There are several good alternatives available when it comes to Linux.  Ubuntu, Fedora, SuSE, Mandriva, Slackware... all of them are capable of being run on older systems.  Personally, I'd suggest Slackware for an older system, because it doesn't come with the GUI bloat that other distributions do, so it runs a bit smoother and with a smaller memory footprint.

I'd check out the specs on as many distros as you can, and see if there are any that fit the bill.  Some distros are easier to configure than others (and some claim to have zero need for configuration).  Slackware isn't one of those that has a ton of self-configuration scripts, but it is very good with older hardware.  Ubuntu would probably also be a good fit for older systems, but I've not had much play time on it compared to the time I've spent with Slackware.

A good bet would be to download a Live CD version of the distro you are looking at.  Try it out that way, and see how it works for you.  If you like it, try the real thing.  And remember, you can always customize Linux (unlike Windows) to remove or add as much as you need to remove the stuff that is slowing you down, or that you'd never use.

With Linux, you can use OpenOffice natively (it will open any Microsoft Office document), or you can use MS Office with software such as Wine.  For video, there is Xine and MPlayer.  For music, XMMS is a WinAMP clone for Linux.  And best of all... it's all free if you download it.

Linux.org has already been suggested.  I'd also check out DistroWatch and read some reviews.  Do your homework, and remember that Google is your best friend.  I have provided some links below.


Slackware: http://www.slackware.com
Linux in General: http://www.linux.org
Distro Watch: http://www.distrowatch.com
Linux Help Forums: http://www.linuxquestions.org

Expert Comment

ID: 17800274
i've dabbled (not a whole lot though) with red hat, debian and ubuntu and have to say that i loved Ubuntu the most. i'll second (and third) Ubuntu if you are at teh beginner level... several things are made really easy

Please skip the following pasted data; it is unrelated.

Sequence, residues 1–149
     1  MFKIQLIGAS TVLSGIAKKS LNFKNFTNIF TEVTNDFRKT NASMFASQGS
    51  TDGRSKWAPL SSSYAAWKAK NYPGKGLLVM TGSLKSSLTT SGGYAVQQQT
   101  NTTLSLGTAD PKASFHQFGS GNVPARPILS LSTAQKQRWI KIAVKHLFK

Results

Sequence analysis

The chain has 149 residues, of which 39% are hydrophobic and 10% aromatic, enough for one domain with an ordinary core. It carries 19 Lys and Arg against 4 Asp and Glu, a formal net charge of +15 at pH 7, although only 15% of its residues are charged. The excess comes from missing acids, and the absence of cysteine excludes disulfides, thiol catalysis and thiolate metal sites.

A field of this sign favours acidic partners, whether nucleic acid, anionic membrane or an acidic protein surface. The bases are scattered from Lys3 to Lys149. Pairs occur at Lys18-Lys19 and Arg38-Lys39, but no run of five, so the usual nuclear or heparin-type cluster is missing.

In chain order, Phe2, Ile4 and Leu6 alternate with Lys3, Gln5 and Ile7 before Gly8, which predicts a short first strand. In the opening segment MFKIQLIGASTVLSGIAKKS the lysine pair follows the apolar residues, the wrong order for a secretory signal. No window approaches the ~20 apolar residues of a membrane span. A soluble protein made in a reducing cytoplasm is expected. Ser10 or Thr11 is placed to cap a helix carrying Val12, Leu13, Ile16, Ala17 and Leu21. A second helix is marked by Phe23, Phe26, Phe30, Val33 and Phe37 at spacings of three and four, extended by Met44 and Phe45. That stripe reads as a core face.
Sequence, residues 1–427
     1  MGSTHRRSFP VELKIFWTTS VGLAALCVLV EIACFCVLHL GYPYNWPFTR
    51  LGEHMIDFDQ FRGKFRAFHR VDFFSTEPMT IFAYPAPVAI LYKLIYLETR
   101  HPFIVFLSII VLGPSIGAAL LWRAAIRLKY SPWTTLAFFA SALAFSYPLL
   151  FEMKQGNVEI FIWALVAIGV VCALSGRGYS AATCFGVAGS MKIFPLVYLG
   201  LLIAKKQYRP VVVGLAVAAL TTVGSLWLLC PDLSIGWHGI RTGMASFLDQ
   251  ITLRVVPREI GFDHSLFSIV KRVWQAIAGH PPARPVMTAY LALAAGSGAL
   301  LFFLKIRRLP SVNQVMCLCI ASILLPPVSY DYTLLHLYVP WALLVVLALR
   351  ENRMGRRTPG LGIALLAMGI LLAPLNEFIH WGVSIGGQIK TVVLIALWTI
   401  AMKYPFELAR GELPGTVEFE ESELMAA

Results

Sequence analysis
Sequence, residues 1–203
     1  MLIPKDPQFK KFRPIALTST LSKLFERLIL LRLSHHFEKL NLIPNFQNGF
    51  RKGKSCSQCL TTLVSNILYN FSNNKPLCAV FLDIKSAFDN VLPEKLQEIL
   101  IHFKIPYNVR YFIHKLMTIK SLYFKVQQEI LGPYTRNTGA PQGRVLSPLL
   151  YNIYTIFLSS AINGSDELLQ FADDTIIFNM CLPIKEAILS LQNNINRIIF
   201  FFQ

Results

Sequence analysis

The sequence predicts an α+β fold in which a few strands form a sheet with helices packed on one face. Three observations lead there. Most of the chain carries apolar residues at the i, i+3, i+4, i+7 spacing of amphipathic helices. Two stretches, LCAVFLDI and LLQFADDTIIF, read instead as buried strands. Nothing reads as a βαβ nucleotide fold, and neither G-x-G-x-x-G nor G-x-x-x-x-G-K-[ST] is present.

Expert Comment

ID: 17807266
Plain, Simply, and Blunty: UBUNTU.  http://www.ubuntu.com  100% free.  You can even order CD's for free.  I've used other distro's people mention here and I've noticed Ubuntu had the best out of the box support for devices and hardware.

Expert Comment

ID: 17814714
tell your friend to stop surfing the porno sites!

Author Comment

ID: 17873254
thanks for all the input guys. I had to give this one to thvon just for the fact that he mentioned Ubuntu first.

I have installed the os, its runs fine, it picked up all the hardware and he is very happy with it. The problem with XP has been its always been getting infected with spyware, we have installed most of the anti-spyware/virus programs out there but despite this the system always comes to a grinding halt after 2 months or so.

Just a few questions, i havent tried to network this with the other xp machine in the house but could you point me in the direction of where this needs to be configured (the linux box will be hosting/xp machine client).

Another question, i have found Totem to be a bit of a pain (in the default installed state) it doesnt read any audio and movie files, i installed VLC, it plays audio files fine but i cant get it to pick up DVD/movie files. Also could you let me know how to make VLC my default player for all media files? If anyone has any opinions on the best media player out there please feel free to to join in.

thanks fellas.